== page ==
After incubating for 6-7 days, the eggs of A. percula are ready to hatch. Just before then, however, the embryo is visible through the transparent egg membrane. The two noticeable features at this stage are the silvery pupils contained within the large eyes and the red-orange yolk sac (Fautin and Allen, 1992). After hatching, the larva is about 3-4 mm total length and transparent except for the eye, yolk sac, and a few scattered pigments. The newly hatched individual initially sinks to the benthic environment but quickly swims to the upper surface of the water column using a process called phototaxis. Essentially, the larva is able to orient itself using the shine from a moonlit night. At this point, the larva spends a week floating among the plankton and is passively transported by ocean currents (Fautin and Allen, 1992). The larval stage of A. percula ends when the young anemonefish settles to the sea bottom approximately 8-12 days after hatching (DAH). Compared to other coral reef species, this is a relatively short period (Wellington and Victor 1989).
The juvenile stage of A. percula is characterized by a rapid development of color schemes. The white barring pattern that is unique to this species begins to form around 11 DAH and may correspond to the fish’s first association with its host anemone (Elliott et al., 1995). Consequently, contact with the anemone stimulates A. percula to produce its protective mucous coat (Elliott and Mariscal, 1996) (See Behavior section for a complete elaboration on acclimation and protection from anemone nematocysts). The entire metamorphosis from larva to juvenile is usually completed in a day (Fautin and Allen, 1992).
Development from juvenile to adult is highly dependent on the social hierarchy of the “family group.” Each host anemone is often occupied by a mating pair plus two to four smaller fish (Fautin and Allen, 1992). Aggression between the dominant female and her mate is minimal, thereby causing little expenditure in energy. Each male, however, bullies and chases the next male of smaller successive size until the smallest individual is driven away from the host anemone. As a result, energy that could be used for growth is instead appropriated for competitive encounters. The adult pair essentially stunts the growth of juveniles (Myers, 1999).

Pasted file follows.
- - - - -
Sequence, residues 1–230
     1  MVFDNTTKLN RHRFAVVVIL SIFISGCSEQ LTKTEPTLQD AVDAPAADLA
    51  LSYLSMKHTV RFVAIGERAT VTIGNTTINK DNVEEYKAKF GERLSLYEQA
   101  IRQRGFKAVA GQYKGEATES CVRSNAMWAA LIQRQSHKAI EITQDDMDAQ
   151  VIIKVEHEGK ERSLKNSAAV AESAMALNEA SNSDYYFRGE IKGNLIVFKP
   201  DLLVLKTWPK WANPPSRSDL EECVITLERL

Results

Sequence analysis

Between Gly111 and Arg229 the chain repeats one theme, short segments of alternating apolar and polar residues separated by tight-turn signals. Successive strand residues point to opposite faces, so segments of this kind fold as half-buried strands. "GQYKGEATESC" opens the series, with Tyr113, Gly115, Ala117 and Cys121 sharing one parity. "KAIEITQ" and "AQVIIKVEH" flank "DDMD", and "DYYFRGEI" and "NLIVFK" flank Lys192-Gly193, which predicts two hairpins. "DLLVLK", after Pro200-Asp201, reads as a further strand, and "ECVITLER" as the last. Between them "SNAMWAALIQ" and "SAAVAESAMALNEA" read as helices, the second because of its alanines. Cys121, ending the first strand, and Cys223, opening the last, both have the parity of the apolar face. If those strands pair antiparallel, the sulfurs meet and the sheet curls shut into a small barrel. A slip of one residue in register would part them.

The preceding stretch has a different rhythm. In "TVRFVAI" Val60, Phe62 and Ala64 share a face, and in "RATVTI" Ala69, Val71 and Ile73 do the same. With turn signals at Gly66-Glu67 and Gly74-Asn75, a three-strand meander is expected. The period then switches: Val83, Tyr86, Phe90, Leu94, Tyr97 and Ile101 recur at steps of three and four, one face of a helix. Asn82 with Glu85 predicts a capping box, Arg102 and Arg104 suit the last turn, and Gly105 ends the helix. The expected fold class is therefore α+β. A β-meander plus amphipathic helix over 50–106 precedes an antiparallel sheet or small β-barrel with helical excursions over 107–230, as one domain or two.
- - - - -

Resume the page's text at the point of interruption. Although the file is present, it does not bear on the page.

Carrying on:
Like other anemonefishes, the uniqueness of A. percula development lies in adult metamorphosis from male to female (protandrous hermaphroditism). All anemonefishes are born as males (Wood and Aw, 2002; Fautin and Allen, 1992; Rosenberg and Cruz, 1988), and the largest of the group reverses sex to become the dominant female. The second largest male subsequently becomes the dominant male. In instances when the female dies, the dominant male reverses sex and all other subordinate males move up in the hierarchical ladder.
Development - Life Cycle: metamorphosis
- Elliott, J., J. Elliott, R. Mariscal. 1995. Host selection, location, and association behaviors of anemonefishes in field settlement experiments. Marine Biology, 122: 377-389.
- Myers, R. 1999. Micronesian Reef Fishes. Guam: Coral Graphics.
- Wellington, G., B. Victor. 1989. Planktonic larval duration of one hundred species of Pacific and Atlantic damselfishes (Pomacentridae). Marine Biology, 101: 557-567.
- Wood, E., M. Aw. 2002. Reef Fishes: Corals and Invertebrates of The South China Sea. United Kingdom: New Holland Publishers.